• Sunshine Showdown, a women's baseball tournament not to be confused with the Florida–Florida State college rivalry[1]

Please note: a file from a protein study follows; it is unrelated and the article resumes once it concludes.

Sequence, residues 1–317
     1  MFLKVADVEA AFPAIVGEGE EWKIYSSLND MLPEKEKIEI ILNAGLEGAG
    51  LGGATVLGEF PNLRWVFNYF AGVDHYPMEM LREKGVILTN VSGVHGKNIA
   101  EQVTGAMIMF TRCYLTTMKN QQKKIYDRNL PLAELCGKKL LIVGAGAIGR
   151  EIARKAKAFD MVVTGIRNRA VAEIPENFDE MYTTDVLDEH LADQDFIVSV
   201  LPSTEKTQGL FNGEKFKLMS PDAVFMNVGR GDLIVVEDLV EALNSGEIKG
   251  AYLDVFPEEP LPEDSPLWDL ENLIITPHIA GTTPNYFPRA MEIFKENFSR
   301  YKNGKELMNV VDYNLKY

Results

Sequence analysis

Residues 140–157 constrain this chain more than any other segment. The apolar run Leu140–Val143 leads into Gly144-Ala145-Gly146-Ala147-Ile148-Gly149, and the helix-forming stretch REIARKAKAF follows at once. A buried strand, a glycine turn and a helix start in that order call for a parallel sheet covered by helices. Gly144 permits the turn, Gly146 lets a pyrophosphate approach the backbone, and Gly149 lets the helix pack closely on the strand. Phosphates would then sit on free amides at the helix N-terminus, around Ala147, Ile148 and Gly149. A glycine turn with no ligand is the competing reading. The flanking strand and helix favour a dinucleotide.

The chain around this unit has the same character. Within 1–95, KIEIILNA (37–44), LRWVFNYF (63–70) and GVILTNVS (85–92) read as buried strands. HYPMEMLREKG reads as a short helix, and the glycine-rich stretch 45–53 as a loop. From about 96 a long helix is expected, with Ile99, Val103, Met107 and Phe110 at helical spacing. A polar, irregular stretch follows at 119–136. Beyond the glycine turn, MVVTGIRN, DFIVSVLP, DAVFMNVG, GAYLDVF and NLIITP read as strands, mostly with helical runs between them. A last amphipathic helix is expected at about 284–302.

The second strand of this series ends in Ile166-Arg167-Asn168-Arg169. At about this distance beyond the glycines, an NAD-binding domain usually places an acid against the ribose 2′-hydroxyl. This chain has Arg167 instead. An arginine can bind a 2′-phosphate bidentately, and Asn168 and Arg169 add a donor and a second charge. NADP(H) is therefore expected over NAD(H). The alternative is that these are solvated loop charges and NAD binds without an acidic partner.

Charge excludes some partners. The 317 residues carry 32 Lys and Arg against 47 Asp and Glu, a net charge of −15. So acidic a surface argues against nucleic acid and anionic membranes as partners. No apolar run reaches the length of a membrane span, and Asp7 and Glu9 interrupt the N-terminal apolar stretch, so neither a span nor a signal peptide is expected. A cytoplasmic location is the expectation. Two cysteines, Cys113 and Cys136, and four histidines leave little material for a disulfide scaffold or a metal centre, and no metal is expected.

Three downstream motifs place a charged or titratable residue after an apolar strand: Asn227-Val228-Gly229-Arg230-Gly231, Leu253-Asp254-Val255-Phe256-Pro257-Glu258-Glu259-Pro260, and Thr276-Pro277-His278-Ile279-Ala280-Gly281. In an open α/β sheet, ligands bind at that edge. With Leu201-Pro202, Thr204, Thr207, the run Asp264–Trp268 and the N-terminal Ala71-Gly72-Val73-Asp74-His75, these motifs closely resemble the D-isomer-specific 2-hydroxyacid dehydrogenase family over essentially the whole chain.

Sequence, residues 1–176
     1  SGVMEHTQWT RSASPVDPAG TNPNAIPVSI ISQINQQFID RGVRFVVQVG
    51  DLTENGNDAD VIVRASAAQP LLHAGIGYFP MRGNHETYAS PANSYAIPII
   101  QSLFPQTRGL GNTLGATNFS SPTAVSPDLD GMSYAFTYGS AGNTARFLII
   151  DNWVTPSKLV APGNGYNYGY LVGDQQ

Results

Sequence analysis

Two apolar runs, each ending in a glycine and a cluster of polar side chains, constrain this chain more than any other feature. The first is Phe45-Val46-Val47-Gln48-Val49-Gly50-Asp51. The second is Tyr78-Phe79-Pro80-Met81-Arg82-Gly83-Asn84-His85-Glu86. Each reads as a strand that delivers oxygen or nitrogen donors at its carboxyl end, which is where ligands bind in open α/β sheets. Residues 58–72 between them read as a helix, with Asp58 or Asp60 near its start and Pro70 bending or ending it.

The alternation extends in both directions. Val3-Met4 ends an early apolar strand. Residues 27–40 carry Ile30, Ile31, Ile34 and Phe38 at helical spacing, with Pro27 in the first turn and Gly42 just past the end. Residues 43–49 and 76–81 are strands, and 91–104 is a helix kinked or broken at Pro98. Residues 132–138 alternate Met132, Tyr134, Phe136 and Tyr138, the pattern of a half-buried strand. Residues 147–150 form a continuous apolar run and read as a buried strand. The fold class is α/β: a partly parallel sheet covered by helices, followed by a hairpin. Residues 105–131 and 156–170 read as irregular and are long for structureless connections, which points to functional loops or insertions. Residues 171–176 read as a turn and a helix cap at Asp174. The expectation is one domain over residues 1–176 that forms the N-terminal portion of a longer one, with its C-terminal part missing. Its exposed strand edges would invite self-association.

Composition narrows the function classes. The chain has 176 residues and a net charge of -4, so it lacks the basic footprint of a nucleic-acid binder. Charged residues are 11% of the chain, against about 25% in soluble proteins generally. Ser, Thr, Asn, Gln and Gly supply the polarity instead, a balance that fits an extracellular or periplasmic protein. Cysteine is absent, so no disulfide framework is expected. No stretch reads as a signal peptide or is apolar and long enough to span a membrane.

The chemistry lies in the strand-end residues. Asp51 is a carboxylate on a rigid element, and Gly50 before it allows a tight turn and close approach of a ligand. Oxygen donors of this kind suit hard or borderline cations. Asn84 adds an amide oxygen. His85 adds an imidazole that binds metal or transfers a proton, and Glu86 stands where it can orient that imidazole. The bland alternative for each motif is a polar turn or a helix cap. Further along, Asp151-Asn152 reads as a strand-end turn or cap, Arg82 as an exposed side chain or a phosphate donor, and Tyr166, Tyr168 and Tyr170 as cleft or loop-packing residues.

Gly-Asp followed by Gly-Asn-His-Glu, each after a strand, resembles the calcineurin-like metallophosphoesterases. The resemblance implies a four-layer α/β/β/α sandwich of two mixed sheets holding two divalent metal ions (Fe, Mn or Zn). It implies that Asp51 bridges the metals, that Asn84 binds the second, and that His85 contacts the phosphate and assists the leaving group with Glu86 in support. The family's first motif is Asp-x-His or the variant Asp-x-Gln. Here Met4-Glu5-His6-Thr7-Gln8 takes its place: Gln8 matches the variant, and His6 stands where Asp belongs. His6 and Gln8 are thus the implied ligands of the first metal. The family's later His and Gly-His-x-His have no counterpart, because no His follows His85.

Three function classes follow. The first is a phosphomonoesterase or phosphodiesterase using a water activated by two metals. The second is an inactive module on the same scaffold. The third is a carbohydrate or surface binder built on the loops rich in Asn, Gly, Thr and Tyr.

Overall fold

• The resumption of the 2019–20 NBA season (July 30 – October 11, 2020): Due to the COVID-19 pandemic, the National Basketball Association's 2019–20 season was suspended in March 2020. On June 4, after competing with Las Vegas for hosting rights,[45] the NBA approved a plan to restart the season on July 30 in the NBA Bubble with all games to be played at the AdventHealth Arena (previously named The Arena), the HP Field House, and the Visa Athletic Center with 22 of the league's 30 teams being invited – the 16 clubs that were in playoff position at the time and the six teams (five in the Western Conference, one in the Eastern Conference) within six games of one (primarily a Seed 8 spot). Under this plan, the 22 teams played eight regular-season "seeding" games. A possible play-in tournament for the eighth seed in each conference would then be held if the ninth seed finished the regular season within four games of the eighth seed, which did happen in the Western Conference between the Portland Trail Blazers and the Memphis Grizzlies, ending with Portland overtaking Memphis' initial playoff spot after one game played under it. The NBA Playoffs and Finals were then set to proceed as normal inside the bubble, and the season was successfully completed after the Los Angeles Lakers were victorious over the Miami Heat in six games.[46] Prior to the season officially resuming, the teams also played scrimmages at the venues with 10-minute quarters from July 22 to 28.[47] During the resumption of the season, as part of the bubble format to combat the spread of the virus, the teams were based on the Walt Disney World resort grounds at Disney's Yacht Club Resort, Disney's Grand Floridian Resort and Spa, and the Gran Destino Tower at Disney's Coronado Springs Resort based on seeding, with the teams with the worst records staying at Disney's Yacht Club Resort and those with the best records (including the Lakers and Heat) staying at Disney's Coronado Springs Resort.[48]